Liberals keep dismissing challenges to ObamaCare, political and legal, so it’s no surprise they mostly ignored last week’s oral argument at the D.C. Circuit Court of Appeals that could send another case to the Supreme Court. Coming in the week the White House wheeled out its 38th rewrite of the law, Halbig v. Sebelius is even more important for the contours of executive power and the rule of law.

The case asks whether the Affordable Care Act, which limits insurance subsidies to “an Exchange established by the State,” also authorizes subsidies for the 36 exchanges established by the federal government. The courts tend to give the executive branch deference in interpreting ambiguous statutes, but here the Administration is asking the court to declare that the statute unambiguously means the opposite of what the plain language says.

This ought to be a straightforward matter of statutory construction. Democrats put conditions on the subsidies to pressure Governors to join ObamaCare on the familiar U.S. federal-state cooperative model, but they never anticipated lasting unpopularity and opposition. To resolve this political problem, the IRS brushed off the statute and expanded the subsidies to both types of exchanges.

Arguing before a three-judge panel, Assistant Attorney General Stuart Delery pointed up “interpretive tension” among various complex provisions. But he also suggested that reading the text literally would undermine ObamaCare’s purpose and structure of a nationwide system of subsidized health care. Try to parse that one: This is a law that its defenders argue will self-destruct if implemented as drafted by its architects.

Echoing liberal supporters of the Administration, Judge Harry Edwards repeatedly accused plaintiffs counsel Michael Carvin of purely political motives. “What you’re asking for is, come on, put it on the table: Destroy the individual mandate, which guts the statute. That’s what this case is about. There’s nothing hidden about that.”

That’s pretty rich given that the White House has itself gutted the individual mandate for its political purposes. Mr. Carvin represents taxpayers and businesses who would be otherwise exempt from ObamaCare mandates if the subsidies were withheld in their states, and thus will suffer injuries under the unlawful IRS rule. Judge Edwards went on to angrily demand: “Who cares? What difference does it make who sets up the subsidy? . . . You have a provision that says the state’ll do it, the feds’ll do it—what difference does it make who does it?”

Well, the states care a great deal about their rights and responsibilities under dual sovereignty federalism. Taxpayers also have an interest in overturning an IRS rule that exposes them to tax liability harm.

But the larger “who cares?” question turns on fidelity to the law and what obligation if any judges have to salvage an unworkable or badly designed program created by the political branches. As Judge Thomas Griffith ruminated, “If we know a clear purpose of Congress, and they don’t legislate clearly enough to achieve that purpose, is it our job to fix the problem?”

Democrats clearly had the grandiose “purpose” of national health care in mind, among hundreds of other motives in transforming one-sixth of the economy. But their sausage-making was also marbled with flaws, as its multiple administrative rewrites show. Their regrets over their own mistakes do not now entitle them to create statute-editing powers on the fly, which would be the result if the judiciary endorses a President’s power to enforce only those parts of laws he likes.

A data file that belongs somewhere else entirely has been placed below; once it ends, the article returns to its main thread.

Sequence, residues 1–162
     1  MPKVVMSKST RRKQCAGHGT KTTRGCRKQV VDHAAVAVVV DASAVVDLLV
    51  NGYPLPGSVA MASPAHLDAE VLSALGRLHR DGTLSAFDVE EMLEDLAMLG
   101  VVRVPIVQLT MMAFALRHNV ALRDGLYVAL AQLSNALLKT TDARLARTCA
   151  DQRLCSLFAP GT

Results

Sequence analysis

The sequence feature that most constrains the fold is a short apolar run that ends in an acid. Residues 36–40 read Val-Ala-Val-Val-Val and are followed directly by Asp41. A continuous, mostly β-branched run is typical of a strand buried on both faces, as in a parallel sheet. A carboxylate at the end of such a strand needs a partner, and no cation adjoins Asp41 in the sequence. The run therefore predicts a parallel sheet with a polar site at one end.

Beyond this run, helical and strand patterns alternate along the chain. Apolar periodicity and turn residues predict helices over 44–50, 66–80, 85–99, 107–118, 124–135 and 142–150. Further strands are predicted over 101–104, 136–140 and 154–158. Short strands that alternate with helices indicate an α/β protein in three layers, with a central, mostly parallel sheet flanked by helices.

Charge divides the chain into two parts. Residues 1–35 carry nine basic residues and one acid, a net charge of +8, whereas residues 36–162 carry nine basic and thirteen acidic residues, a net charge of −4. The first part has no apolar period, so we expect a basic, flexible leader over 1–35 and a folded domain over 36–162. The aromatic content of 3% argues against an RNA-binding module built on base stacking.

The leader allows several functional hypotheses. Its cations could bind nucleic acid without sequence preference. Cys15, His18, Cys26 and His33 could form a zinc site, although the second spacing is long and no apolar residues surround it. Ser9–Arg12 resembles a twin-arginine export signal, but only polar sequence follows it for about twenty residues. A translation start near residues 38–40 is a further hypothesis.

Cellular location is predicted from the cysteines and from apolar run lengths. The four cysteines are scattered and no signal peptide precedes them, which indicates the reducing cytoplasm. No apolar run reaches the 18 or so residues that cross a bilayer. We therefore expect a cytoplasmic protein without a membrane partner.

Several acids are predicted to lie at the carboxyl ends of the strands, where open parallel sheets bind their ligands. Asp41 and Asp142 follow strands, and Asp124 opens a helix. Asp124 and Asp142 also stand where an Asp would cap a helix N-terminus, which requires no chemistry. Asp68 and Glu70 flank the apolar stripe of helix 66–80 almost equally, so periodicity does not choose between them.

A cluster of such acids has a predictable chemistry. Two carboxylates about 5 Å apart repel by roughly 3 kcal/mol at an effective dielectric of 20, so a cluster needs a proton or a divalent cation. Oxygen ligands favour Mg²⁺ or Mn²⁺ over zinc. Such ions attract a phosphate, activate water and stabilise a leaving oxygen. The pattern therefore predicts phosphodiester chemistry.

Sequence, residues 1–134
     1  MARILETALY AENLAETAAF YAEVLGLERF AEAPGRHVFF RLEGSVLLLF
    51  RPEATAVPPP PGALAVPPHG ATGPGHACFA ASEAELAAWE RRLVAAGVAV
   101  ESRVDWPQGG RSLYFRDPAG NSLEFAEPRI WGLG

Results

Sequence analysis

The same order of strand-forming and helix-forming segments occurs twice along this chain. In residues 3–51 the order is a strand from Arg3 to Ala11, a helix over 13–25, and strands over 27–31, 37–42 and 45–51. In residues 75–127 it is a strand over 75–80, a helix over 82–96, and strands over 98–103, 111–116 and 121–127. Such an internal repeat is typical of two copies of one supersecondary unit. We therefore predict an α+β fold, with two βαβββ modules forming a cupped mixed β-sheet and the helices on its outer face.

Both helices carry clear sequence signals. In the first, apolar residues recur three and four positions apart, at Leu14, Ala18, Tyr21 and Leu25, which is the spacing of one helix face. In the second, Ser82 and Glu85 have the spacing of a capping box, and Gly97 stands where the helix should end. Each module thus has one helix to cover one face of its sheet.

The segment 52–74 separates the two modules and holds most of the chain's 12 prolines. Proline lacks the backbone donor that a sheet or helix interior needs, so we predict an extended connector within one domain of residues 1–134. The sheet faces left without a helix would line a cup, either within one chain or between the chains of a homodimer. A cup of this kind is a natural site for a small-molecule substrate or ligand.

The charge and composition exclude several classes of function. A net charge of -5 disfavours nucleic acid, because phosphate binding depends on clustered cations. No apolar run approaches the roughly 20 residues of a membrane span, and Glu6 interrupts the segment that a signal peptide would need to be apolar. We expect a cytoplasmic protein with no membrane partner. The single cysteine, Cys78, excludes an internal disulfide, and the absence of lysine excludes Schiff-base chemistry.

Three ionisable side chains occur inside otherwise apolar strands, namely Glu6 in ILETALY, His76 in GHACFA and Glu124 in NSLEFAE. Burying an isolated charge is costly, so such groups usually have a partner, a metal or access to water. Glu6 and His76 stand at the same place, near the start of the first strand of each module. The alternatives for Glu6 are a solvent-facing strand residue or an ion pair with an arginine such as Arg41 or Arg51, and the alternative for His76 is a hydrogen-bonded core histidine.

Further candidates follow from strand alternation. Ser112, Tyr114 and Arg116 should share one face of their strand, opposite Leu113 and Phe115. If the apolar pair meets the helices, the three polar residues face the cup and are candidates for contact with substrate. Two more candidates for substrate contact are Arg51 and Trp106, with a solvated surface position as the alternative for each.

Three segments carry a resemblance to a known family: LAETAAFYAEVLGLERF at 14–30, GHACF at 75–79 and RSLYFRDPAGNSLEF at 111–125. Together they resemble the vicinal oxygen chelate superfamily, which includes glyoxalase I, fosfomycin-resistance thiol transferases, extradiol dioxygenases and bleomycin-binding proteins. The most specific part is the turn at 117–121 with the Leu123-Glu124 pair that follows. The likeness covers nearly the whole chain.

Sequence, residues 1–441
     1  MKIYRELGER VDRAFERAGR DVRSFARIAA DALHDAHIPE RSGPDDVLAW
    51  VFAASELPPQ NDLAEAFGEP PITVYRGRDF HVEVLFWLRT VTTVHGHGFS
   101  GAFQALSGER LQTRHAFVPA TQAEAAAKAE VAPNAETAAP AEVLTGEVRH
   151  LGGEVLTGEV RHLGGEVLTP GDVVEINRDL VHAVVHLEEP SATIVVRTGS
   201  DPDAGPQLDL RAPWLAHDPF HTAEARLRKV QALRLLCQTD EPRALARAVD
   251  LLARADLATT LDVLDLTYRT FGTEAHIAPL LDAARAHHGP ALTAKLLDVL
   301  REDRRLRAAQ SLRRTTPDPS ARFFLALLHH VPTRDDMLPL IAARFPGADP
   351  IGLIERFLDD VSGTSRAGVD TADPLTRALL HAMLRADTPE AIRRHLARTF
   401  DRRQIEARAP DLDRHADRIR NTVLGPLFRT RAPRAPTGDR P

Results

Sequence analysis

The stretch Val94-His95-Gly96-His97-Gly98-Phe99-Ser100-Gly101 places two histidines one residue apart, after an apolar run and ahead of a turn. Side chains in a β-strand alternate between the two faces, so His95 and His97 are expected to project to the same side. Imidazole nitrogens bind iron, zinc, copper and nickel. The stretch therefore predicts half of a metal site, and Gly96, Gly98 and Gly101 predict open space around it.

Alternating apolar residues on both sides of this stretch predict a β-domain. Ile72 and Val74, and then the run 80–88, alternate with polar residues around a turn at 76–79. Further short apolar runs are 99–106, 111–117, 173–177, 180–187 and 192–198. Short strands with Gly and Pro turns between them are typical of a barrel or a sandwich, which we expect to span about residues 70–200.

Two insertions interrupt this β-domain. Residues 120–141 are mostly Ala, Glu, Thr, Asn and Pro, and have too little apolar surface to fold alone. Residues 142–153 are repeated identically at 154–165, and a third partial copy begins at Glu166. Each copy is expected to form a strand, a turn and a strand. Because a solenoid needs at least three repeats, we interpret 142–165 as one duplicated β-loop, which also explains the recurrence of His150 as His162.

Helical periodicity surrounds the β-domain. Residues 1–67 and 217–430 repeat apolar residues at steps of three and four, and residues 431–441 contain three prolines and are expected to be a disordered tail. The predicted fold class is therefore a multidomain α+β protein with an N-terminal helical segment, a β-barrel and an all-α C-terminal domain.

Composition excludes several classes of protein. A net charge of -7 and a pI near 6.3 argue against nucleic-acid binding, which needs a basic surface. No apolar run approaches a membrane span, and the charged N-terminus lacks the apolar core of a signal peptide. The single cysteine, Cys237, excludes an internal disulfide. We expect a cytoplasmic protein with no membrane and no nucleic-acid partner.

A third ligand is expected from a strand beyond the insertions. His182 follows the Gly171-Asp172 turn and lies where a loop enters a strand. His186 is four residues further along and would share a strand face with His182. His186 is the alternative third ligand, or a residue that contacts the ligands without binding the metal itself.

And would vacating the IRS rule really “gut” ObamaCare? It would surely complicate it. But then maybe more states would set up their own exchanges to get the subsidies. Or the White House could ask Congress to fix the law. President Obama conceded last summer that he favors “tweaks that don’t go to the essence of the law” and “in a normal political environment” he’d ring up John Boehner to negotiate a settlement.

But the President added that Republicans have an “ideological fixation” about ObamaCare, and therefore the ordinary legislative process is too fraught. But the Constitution doesn’t say Presidents can rewrite laws merely because asking Congress to change them would be difficult. The Administration’s real argument in Halbig is that interpreting the law as written would be politically bad so an accurate, faithful interpretation of the statute is out of the question. Judges aren’t supposed to lean on laws to produce partisan outcomes.

The “difference” it makes how Americans can access subsidies is between the faithful execution of the laws and anything-goes political and legal improvisation. As Chief Justice John Roberts famously wrote upholding the insurance purchase mandate, “It is not our job to protect the people from the consequences of their political choices.” It is also not their job to protect politicians from the consequences of their policy choices.

Is ObamaCare a Law? –


Freedom of Speech Wins

From Chief Justice John Roberts’s majority opinion in the Supreme Court’s April 2 decision in McCutcheon v. Federal Election Commission eliminating caps on the total amount of money that individuals can donate in a single election season:

There is no right more basic in our democracy than the right to participate in electing our political leaders. Citizens can exercise that right in a variety of ways: They can run for office themselves, vote, urge others to vote for a particular candidate, volunteer to work on a campaign, and contribute to a candidate’s campaign. This case is about the last of those options.

The right to participate in democracy through political contributions is protected by the First Amendment, but that right is not absolute. Our cases have held that Congress may regulate campaign contributions to protect against corruption or the appearance of corruption. At the same time, we have made clear that Congress may not regulate contributions simply to reduce the amount of money in politics, or to restrict the political participation of some in order to enhance the relative influence of others.